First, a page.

STAKatN was known as the Santo Agustinus Pastoral Institute. State recognition is the result of the support of important local Catholic leaders. The lack of priests and catechists is one of the biggest problems for Kalimantan’s Catholic community. For Mgr Pius Riana Prapdi, the lack of Catholic educators is the main obstacle to spreading the Faith.
Pontianak (AsiaNews) – Indonesia has its first state Catholic college. The State Catholic Institute (STAKatN) opened on 6 April in Pontianak, the capital of the province of West Kalimantan.
Originally founded in 2006 as the Santo Agustinus Pastoral Institute, the new government-run educational institution began the long process of state accreditation in 2010, which ended this week with the official approval of the Religious Affairs Ministry.
Religious Affairs Minister Lukman Hakim Saiffudin, West Kalimantan Governor Cornelis M H, Pontianak and Archbishop Mgr Agustinus Agus took part in the opening ceremony.
Andreas, a local Catholic, spoke to AsiaNews about the event. "This milestone was achieved thanks to the great support of important local Catholic figures, such as the provincial governor, the bishop and priests."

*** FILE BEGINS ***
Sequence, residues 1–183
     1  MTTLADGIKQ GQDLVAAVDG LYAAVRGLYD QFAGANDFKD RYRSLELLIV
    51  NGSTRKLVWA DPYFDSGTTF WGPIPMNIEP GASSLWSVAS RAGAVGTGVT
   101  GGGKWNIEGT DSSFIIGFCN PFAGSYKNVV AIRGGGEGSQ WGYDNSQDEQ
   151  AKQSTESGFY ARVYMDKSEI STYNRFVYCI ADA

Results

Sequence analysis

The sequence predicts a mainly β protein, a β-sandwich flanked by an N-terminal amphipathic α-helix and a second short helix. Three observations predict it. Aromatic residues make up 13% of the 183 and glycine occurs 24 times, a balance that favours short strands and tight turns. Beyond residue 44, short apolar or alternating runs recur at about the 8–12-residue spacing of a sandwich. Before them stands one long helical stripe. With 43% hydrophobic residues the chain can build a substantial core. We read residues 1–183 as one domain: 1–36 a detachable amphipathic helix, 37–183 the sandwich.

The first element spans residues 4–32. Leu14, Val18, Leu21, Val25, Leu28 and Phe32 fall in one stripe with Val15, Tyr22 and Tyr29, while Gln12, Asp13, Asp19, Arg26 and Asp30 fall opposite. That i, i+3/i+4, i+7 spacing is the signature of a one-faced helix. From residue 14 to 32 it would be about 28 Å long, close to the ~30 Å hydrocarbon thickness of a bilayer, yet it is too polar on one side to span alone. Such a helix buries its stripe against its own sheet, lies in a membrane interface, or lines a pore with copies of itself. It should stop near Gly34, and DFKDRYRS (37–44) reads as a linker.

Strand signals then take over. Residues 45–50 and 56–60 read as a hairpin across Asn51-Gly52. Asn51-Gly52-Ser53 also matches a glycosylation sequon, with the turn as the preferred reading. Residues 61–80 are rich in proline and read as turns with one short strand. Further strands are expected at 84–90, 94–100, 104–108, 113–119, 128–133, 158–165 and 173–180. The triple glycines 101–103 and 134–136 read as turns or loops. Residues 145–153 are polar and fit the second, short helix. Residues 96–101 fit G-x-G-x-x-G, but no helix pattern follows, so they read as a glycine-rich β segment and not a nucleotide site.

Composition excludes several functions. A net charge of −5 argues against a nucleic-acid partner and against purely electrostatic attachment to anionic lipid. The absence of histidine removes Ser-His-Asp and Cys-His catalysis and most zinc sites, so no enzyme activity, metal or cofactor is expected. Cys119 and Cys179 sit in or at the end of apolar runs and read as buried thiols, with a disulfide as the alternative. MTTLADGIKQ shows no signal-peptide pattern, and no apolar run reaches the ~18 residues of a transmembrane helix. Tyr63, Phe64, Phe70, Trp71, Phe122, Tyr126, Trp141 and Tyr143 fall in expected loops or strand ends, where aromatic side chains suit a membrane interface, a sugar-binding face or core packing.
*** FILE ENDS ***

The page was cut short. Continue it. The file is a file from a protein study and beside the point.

In its ten-year history, the institute saw more than 1,250 students graduate, 31 of whom have since embarked on an academic career. More than 700 other vocational students have found jobs.
During the inauguration ceremony, Mgr Agus invited all former students to adhere to the Church's mission in the province, so that Catholic education can remain strong for the local community.
"Providing a religious education to our people in this vast territory has been a great challenge for us because of the lack of catechists," the archbishop said. "Not only are there not enough teachers with a Catholic education, but teachers as a whole are a rarity in this province."
In Pontianak, the Education Department noted that only 355 schools in this huge province have teachers trained at Catholic schools. Overall, "we have 1,222 high schools across the province," Mgr Agus said.
Out of 4,341 primary schools, only 1,603 have Catholic teachers. Out of 378 senior high schools, only 89 have Catholic teachers," the bishop added.
The lack of priests and catechists is one of the biggest problems for the Catholic community in Kalimantan. The huge island ha only four dioceses in the western province, and only one for each of the central, southern, and eastern provinces.
Speaking to AsiaNews in 2016, Mgr Pius Riana Prapdi, bishop of Ketapang (West Kalimantan), said that the lack of Catholic educators is the main obstacle to spreading the Faith.
The difficult economic conditions in remote areas of Indonesia, exacerbated by the lack of infrastructure, put "human development" at the centre of the Church's mission.
According to Mgr Pradpi, one of the best ways to meet this goal is to offer the best possible education to local youth.